On 1 November 2019, Associate Professor Suzaina Bte Abdul Kadir (LKYSPP Vice Dean of Academic Affairs, Teaching Academy Fellow) welcomed attendees to the inaugural teaching-related discussion for members of NUS Bukit Timah Campus Faculty of Law and Lee Kuan Yew School of Public Policy.
As both faculties engage practitioners who need to be brought up to speed on what could happen in the classroom, the NUS Teaching Academy BTC Cluster leads, herself and Eleanor, had convened the discussion to look into mentoring-in-teaching at BTC in a more structured manner.
This was also part of NUS Teaching Academy’s Master Mentorship scheme to provide teaching mentoring support for Faculties and Schools by addressing discipline-specific teaching needs and advocating a contextualized teaching excellence culture.
- Associate Professor Wu Alfred Muluan (LKYSPP, Asst Dean of Academic Affairs)
- Associate Professor Eleanor Wong Siew Yin (Law, Vice-Dean of Student Life & Global Relations, Director of Legal Skills Programme, Teaching Academy Fellow)
- Sheridan Fellow Benny Tan Zhi Peng (Law, Course Director of Graduate Certificate in Criminal Justice)
- Asst Professor Selina Ho (LKYSPP, Program Chair of Master in International Affairs)
- Associate Professor Suzaina Bte Abdul Kadir (LKYSPP Vice Dean of Academic Affairs, Teaching Academy Fellow)
Sharing by Speakers
Associate Professor Wu Alfred Muluan (LKYSPP)
Alfred shared on the range of mentoring-in-teaching practices in some Hong Kong universities (that he had knowledge of. His opinion was that when he was a junior faculty member, he benefited a lot from mentorship – senior members helped him thrive.
Areas he discussed included
- Some characteristics of formal structured mentoring
- Some characteristics of informal/unstructured mentoring
- Some forms of mentorship
- Coverage of mentees
- Common mentoring challenges & actions
- Understandings about mentoring
- An example of formalized governmental support/reward for mentoring-in-teaching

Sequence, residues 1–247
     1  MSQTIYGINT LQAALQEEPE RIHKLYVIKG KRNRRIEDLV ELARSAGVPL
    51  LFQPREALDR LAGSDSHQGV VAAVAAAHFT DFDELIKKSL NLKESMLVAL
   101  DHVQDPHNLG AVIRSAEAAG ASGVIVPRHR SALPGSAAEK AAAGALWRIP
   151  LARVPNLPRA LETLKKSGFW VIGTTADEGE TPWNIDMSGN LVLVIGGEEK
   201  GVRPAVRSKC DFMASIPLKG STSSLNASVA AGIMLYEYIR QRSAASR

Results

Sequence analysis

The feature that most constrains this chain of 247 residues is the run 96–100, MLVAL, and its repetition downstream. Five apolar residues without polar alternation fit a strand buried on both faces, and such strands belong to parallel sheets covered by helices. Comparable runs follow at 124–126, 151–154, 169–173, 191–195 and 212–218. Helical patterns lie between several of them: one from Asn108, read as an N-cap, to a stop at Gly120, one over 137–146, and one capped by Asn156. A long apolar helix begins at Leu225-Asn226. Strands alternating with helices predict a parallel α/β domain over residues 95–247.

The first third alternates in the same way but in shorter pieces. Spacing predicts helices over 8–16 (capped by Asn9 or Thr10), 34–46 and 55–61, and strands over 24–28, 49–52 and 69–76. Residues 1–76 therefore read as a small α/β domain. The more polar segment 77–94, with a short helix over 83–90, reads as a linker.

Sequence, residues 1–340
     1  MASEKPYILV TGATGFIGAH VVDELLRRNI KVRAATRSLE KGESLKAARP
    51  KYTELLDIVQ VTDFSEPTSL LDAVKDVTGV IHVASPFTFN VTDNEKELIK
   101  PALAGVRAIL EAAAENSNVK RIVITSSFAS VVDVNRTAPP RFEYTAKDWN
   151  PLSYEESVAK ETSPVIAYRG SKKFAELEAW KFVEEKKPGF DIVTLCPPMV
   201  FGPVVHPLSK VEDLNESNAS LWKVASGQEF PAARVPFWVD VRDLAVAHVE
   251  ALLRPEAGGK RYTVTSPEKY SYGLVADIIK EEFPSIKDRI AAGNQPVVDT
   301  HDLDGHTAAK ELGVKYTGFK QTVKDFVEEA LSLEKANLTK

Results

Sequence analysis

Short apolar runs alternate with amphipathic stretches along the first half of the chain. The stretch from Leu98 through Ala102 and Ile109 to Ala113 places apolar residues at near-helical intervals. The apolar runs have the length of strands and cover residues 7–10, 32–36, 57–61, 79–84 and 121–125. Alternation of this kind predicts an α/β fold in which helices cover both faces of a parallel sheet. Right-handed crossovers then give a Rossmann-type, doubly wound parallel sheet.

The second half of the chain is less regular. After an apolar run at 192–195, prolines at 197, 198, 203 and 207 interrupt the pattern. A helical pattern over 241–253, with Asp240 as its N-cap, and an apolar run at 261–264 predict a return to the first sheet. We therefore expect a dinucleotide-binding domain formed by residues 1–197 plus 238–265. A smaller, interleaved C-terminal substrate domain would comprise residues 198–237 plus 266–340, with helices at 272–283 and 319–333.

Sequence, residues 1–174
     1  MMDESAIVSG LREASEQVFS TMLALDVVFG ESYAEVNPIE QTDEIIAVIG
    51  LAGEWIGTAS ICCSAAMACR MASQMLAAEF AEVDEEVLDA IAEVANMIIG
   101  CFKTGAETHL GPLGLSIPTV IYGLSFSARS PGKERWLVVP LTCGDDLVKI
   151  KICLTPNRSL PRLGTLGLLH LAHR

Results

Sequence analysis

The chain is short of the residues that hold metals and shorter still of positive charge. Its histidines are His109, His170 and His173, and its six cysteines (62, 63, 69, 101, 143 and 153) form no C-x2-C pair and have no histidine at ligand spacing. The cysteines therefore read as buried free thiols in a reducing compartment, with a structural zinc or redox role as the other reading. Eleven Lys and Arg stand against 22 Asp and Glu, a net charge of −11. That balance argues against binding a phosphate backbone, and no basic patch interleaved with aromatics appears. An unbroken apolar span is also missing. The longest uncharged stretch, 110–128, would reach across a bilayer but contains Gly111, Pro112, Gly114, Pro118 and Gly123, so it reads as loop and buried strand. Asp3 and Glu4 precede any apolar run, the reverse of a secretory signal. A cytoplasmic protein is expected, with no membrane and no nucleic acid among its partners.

Alfred also touched on other issues such as the importance of the mentor-mentee relationship, the characteristics of effective mentorship relationships, desirable mentor attributes etc.
Associate Professor Eleanor Wong & Sheridan Fellow Benny Tan (LAW)
Eleanor pointed out that although traditional hierarchical models of mentorship were valuable and often led to job satisfaction, there were some difficulties with the model, one of which was that not every senior faculty member was a competent &/or willing mentor. Furthermore, with the presumption of power & authority, hierarchical mentoring relationships could be seen as more transmission of knowledge from mentor to mentee rather than as a social transformative process of learning from each other.
However, more recent scholarship had suggested different mentorship models, such as mentorship circles, networks or constellation mentoring, and ways to structure them, sharing the idea that young faculty benefit from access to a larger group of seniors. In addition, as these networks/circles include other junior members, peer learning would also be possible.
Hence, she and Benny discussed the informal/organic ways in which mentorship could grow, by sharing about the informal organic mentorship circle that grew in the legal skills teaching group. They shared on the following:
- An example of an organic mentorship circle
- Characteristics of this learning group
- Some advantages of informal mentor-mentee relationships
Suzaina also shared that whenco-teaching worked particularly well, it was partly because an informal mentor-mentee relationship had developed within the co-teaching dynamic, and more junior faculty was learning organically from an experienced instructor.
Eleanor suggested that faculty could become sensitive to organic mentor clusters, and that management could explore ways to tap on such organic clusters better. Suzaina pointed out that the course itself established structure that could be worked with too.
To induct new faculty, some of whom were not from academic backgrounds, the course itself could be a learning platform, particularly for things not immediately obvious, e.g. setting assignments, marking, student consultation, tutorials etc. Cheng Suang pointed out that adjunct faculty, although often coming from senior positions and possessed of much industrial experience, did not always know how to teach and engage students in ways that students preferred.
Assistant Professor Selina Ho (LKYSPP)
Selina candidly shared the different sources she tapped on for informal learning as a faculty member relatively new to teaching, after a former career in another industry.
- Senior colleagues
- Students as a source for informal learning:
All of whom variously shared and discussed different source materials, different approaches, practical advice etc., and allowed observation for the learning of teaching skills.
Participants then discussed
- The value of formal vs informal mentorship.
- Some potential challenges in mentoring
- Fostering a culture that values teaching
- Learning Communities